Terisina. The lovers' quarrel. Faithful and forsaken. Wild water pond. The pic-nic. Chatelar. Lady Betty's pocketbook. Insurance and assurance. The album. Benedetti's adieu. Authors and editors. The Moorish barque


Fra bogen

Hvad folk siger - Skriv en anmeldelse

Vi har ikke fundet nogen anmeldelser de normale steder.

Andre udgaver - Se alle

Almindelige termer og sætninger

Populære passager

Side 50 - Alas ! — how light a cause may move Dissension between hearts that love ! Hearts that the world in vain had tried, And sorrow but more closely tied ; That stood the storm, when waves were rough, Yet in a sunny hour fall off, Like ships that have gone down at sea, When heaven was all tranquillity...
Side 256 - The widow looked comically at the recollections which I brought to her mind; her rosy lips began to disclose their treasures in a half smile ; and this, in turn, expanded into a laugh like the laugh of Euphrosyne. This was the very thing for me. I...
Side 249 - The directors turned their eyes towards me with evident satisfaction, and I had the vanity to believe that the widow did so too. " You have a good broad chest," said one. " I dare say your lungs are never affected." " Good shoulders too," said another. "Not likely to he knocked down in a row." " Strong in the legs, and not debilitated by dissipation," cried a third. "I think this gentleman will suit us.
Side 246 - I am the strongest man in Ireland." " But subject to the gout?" "No. — The rheumatism. — Nothing else, upon my soul." "What age was your father when he died?" "Oh, he died young; but then he was killed in a row." "Have you any uncles alive?" "No: they were all killed in rows too.
Side 244 - ... undisturbed when surrounded by a pack of terriers which seemed hungry enough to devour one another? Whenever the door slammed, and they looked for an addition to their cry, they seemed for all the world as though they were going to bark ; and if a straggler really...
Side 54 - Sweet arrogance ! is it not the day three thousand years on which we parted ; and did I not promise to be here at sunset?
Side 231 - ... every thought was poetry. A scrap of paper lay upon the table, and was presently enriched with a sonnet on each side, which I had the vanity to think were quite good enough to be transferred to Lady Betty's most beloved and lilac pocket-book. I raised my eyes, and, lo! in the bustle of parting with Lord S , she had forgotten to deposit it in her desk. What an agreeable surprise it would be for her to find how I had been employed! How fondly would she thank me for such a delicate mode of showing...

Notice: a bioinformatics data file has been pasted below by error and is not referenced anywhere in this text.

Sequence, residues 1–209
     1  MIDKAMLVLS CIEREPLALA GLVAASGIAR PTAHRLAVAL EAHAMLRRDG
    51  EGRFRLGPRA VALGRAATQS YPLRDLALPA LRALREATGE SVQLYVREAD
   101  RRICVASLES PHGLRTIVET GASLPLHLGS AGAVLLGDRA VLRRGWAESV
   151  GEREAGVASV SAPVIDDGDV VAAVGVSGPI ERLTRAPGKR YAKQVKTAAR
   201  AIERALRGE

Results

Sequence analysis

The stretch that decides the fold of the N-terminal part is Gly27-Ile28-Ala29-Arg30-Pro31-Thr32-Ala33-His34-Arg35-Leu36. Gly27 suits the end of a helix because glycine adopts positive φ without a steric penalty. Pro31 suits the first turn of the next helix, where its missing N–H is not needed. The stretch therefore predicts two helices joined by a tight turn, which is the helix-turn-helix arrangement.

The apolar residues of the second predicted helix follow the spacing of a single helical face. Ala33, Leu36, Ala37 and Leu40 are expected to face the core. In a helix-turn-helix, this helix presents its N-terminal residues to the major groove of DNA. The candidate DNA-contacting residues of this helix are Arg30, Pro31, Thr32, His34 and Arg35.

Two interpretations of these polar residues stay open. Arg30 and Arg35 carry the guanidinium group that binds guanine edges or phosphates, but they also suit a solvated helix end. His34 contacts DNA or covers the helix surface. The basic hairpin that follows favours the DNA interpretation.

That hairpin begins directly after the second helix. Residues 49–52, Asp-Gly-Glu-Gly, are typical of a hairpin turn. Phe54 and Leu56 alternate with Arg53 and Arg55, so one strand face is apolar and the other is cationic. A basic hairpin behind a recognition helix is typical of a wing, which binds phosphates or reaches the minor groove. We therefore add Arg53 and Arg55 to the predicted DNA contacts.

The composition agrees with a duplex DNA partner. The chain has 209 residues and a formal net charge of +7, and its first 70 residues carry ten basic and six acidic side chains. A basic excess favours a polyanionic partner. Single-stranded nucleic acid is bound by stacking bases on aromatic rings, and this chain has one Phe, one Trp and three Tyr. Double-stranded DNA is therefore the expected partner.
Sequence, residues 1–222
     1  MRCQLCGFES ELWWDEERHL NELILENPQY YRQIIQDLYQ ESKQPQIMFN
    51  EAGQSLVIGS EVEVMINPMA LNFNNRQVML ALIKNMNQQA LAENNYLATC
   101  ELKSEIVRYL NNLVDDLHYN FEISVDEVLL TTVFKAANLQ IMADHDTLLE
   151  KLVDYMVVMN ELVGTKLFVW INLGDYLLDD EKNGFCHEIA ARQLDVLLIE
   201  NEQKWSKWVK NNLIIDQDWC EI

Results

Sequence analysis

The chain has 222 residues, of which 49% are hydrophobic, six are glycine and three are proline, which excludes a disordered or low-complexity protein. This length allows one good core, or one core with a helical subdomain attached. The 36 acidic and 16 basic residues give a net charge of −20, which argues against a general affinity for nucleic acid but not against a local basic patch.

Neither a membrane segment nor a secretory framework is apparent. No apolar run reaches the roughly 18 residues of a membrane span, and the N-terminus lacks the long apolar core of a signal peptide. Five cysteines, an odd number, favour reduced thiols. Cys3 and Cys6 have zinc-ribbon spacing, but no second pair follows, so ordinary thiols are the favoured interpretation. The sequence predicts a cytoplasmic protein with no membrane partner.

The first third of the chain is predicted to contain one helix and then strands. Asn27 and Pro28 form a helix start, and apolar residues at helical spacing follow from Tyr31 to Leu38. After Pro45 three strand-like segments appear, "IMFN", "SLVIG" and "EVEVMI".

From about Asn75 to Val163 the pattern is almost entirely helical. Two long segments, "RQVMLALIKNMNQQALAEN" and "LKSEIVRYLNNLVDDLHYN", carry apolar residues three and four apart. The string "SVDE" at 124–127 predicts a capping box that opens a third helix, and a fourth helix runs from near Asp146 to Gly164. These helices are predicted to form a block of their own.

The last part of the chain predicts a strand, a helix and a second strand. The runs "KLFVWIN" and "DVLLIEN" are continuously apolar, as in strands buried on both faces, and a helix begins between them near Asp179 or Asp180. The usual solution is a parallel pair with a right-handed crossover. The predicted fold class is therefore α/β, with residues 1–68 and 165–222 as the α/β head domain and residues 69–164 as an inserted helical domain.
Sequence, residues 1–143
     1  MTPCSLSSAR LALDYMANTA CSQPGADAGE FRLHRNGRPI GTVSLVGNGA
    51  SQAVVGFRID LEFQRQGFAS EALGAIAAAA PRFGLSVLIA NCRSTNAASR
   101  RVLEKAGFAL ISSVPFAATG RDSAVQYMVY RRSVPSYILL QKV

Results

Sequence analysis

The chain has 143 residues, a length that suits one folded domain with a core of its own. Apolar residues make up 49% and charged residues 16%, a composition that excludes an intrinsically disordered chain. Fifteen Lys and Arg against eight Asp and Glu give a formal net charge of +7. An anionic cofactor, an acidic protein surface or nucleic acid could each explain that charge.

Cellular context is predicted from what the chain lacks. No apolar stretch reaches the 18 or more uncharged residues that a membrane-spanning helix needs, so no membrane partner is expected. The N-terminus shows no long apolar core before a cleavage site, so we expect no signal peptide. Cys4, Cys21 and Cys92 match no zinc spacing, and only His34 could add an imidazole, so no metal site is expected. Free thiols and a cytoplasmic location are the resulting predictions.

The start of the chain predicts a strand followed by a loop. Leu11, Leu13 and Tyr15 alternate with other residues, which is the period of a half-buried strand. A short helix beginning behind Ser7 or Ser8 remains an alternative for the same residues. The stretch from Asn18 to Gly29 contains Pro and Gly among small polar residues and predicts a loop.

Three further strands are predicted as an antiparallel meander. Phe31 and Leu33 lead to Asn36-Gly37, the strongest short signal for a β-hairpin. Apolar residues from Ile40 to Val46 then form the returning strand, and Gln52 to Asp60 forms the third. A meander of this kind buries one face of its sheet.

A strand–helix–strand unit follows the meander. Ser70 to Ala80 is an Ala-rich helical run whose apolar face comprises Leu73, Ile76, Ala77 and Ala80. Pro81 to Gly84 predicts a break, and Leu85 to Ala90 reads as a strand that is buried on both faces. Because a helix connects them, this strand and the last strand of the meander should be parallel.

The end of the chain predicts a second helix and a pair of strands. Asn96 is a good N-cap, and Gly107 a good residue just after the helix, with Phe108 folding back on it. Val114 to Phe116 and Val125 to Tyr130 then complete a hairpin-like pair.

Side 251 - I will take you that she makes me a sedate married man in less than two months." "Done!" said cormorant, his features again straining their buckskins at the idea of having made a double profit of me. " Let us go to my house, and I will draw a deed to that cfiect, gratis.
Side 224 - ... cruel to postpone my declaration, but though I have no Scotch blood in my veins, I was always a little given to caution. Lady Betty had been a sad madcap, and might not this be a mere freak of the moment? Besides there was a charm about the very uncertainty Which a declared lover has no idea of, so I determined to observe, and act with deliberation. Our pastimes continued the same as before, and our interchanges of kindness increased. Amongst other things, Lady Betty signalized me by a purse...
Side 221 - Now Barbara was a good horsewoman, and Betty was a bad one ; consequently, Barbara rode a pony, and Betty rode a donkey; consequently, Barbara rode a mile before, and Betty rode a mile behind ; and consequently, it was absolutely necessary for me to keep fast hold of Betty's hand, for fear she should tumble off. Thus did we journey through wood and through valley, by flood and by field, through the loveliest and most love-making scenes that ever figured in rhyme or on canvas.

Bibliografiske oplysninger